Reaffirming the rating this year, Fitch commended Australia’s 'credible macroeconomic policy framework' and governance standards 'among the world's strongest'.
Labour productivity has boomed recently — rising for nine consecutive quarters to an all-time high and laying to rest a persistent criticism.
Heritage Foundation’s survey of economic freedom Australia ranks first among OECD nations and third in the world behind Hong Kong and Singapore. This reflects progress in freeing capitalists from government obstruction.
All the other items listed above have advanced since Labor took charge.
Areas where no change has taken place are employment participation, industrial production growth, the housing index and home ownership.
Which brings us to the apparent deteriorations.
The human misery inflicted by the global downturn is quantified by the jobless numbers. All nations were impacted, including Australia — though not as badly as most.
The UK’s unemployment rate rose from 5.4% in 2007 to 7.8% now. New Zealand’s is up from 3.6% to 6.4%. Denmark’s has more than doubled from 1.7% to 4.3%. Ireland’s trebled from 4.5% to 13.5%. Iceland’s quintupled from 1.4% to 7.0% now.
Australia’s increased moderately from 4.5% to 5.7%. It is one of only eight OECD countries with unemployment below 6%.
The second measure of workforce strength is job participation, defined as the number of people employed or looking for work as a percentage of the population.
Bureau of Statistics figures show participation has held up extraordinarily well through the GFC. From 76.6% of the adult population in 2007 it is now 76.7%. The World Bank ranks Australia in the top six OECD nations in this measure.
Collating high participation and low jobless rates yields four strong employer nations: Denmark, Switzerland, Norway and Australia.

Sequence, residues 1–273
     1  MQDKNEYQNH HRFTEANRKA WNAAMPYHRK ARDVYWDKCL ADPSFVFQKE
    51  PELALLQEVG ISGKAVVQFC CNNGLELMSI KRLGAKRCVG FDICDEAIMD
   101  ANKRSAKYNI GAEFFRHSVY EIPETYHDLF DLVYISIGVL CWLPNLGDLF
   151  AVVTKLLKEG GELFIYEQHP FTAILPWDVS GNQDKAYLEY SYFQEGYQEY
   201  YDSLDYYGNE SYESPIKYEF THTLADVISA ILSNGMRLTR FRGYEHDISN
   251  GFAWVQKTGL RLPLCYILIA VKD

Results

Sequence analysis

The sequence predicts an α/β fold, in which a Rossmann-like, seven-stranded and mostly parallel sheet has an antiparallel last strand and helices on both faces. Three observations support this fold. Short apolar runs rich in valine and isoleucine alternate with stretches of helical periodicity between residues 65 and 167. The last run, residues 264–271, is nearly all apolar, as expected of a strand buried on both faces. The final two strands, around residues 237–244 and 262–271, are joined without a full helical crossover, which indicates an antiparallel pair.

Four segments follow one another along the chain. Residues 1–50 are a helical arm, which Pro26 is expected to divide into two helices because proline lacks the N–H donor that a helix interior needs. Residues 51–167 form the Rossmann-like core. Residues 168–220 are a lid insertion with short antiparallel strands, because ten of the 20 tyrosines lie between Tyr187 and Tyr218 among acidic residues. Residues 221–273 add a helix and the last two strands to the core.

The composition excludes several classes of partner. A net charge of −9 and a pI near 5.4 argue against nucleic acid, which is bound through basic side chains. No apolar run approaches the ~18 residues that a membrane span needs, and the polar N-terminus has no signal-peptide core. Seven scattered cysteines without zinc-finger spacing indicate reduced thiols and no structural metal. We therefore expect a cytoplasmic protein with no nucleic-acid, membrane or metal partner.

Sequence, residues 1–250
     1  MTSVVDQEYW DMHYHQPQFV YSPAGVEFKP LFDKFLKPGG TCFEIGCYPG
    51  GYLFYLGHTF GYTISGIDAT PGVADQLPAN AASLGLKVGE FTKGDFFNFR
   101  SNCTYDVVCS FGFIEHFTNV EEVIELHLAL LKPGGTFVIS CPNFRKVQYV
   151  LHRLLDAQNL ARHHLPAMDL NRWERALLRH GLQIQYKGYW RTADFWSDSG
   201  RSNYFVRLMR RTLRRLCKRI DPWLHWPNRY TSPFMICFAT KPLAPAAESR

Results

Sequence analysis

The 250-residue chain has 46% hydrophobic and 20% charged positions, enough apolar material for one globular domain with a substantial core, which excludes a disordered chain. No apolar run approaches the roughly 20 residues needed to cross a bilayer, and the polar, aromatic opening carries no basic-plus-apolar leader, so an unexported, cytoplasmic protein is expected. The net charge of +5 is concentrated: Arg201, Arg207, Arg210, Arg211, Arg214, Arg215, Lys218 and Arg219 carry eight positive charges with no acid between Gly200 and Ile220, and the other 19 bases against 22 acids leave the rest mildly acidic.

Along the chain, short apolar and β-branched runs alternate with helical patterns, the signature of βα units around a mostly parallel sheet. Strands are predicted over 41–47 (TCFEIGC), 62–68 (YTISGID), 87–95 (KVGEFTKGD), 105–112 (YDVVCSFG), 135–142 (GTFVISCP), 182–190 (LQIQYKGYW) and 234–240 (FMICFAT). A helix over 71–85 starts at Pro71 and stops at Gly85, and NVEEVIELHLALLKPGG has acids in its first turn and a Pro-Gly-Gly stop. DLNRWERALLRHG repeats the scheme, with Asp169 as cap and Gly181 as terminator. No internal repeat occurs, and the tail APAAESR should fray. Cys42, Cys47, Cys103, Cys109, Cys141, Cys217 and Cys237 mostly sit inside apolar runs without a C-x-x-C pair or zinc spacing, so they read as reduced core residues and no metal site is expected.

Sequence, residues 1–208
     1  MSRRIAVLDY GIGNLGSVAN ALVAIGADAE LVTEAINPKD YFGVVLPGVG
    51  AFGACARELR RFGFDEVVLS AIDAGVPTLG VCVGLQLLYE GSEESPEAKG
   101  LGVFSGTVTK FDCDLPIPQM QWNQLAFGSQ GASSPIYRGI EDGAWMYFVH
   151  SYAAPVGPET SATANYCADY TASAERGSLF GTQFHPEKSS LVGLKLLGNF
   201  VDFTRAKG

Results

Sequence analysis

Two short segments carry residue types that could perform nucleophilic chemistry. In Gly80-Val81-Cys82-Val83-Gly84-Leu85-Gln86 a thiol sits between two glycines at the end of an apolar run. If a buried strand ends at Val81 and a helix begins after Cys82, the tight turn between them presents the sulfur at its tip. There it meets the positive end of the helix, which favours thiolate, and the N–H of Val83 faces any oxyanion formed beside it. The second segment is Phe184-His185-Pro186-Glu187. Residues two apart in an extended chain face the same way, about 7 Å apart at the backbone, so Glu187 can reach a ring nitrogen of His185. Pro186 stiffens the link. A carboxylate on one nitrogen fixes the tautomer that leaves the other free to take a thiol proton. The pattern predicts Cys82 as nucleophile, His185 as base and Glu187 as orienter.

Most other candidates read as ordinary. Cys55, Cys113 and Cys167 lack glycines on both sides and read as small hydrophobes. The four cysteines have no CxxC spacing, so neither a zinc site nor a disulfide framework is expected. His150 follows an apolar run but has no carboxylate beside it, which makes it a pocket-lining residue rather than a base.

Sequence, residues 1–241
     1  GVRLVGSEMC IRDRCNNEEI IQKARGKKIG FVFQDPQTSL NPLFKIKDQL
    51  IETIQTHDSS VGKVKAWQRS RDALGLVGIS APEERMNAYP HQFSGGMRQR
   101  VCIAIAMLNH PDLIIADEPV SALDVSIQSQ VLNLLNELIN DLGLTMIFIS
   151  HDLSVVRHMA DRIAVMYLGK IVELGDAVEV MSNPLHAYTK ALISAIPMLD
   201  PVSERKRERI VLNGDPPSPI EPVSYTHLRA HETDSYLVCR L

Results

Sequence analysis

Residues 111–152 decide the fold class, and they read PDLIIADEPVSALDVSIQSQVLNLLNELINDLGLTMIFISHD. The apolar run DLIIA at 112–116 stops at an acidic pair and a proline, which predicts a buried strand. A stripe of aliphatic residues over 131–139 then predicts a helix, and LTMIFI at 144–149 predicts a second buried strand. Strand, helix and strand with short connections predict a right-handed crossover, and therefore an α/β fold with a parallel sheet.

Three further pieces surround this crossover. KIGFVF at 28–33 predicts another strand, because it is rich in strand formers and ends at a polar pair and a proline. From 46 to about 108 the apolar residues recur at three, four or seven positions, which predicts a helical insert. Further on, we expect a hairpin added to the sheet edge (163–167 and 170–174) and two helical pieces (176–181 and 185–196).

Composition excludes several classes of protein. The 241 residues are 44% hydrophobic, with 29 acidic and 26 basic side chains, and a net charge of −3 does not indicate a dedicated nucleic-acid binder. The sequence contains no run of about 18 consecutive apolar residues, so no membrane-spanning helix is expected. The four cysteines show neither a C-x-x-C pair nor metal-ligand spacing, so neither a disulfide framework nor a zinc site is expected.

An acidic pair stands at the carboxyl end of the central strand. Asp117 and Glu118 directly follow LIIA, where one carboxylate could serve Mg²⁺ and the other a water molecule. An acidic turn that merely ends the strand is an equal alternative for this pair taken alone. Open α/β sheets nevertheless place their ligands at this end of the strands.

The rate of growth of Australia’s gross domestic product has been lower since the onset of the GFC than before. As expected. Nevertheless, 12.2% growth since 2007 is among the world’s strongest. Even the Opposition has agreed this is “extraordinary”.
Debt is perhaps the trickiest variable to assess. Is this an outcome resulting from other decisions? Or a deliberate setting which governments determine to achieve other outcomes? Either way, this is where Australia’s current Government is most frequently castigated.
Yet Australia’s net borrowings as a percentage of GDP are currently just 11.6% — and declining. In the OECD, only six nations have lower net debt. Ten are now above 80%, including the UK, the USA, France, Ireland and Belgium. Japan is above 130%.
Clearly, Australia today beats all earlier periods. Yes, there have been bursts of stronger growth, years with lower borrowings and brief periods with fewer jobless. But never has the economy had such sustained growth with high job participation, low inflation, low interest rates, a strong currency, triple A credit ratings and security for retirees.
This is not to claim all is perfect. Terms of trade have retreated from last year’s highs with commodity prices easing. Surpluses are some years away. And pockets of disadvantage remain. But then the whole world is in a severe downturn.
So when the Opposition talks about a “budget emergency” or “Labor losing control of the economy” or “the budget in freefall”, take no notice.
Coming soon from Alan Austin: 'We really must talk about debt'.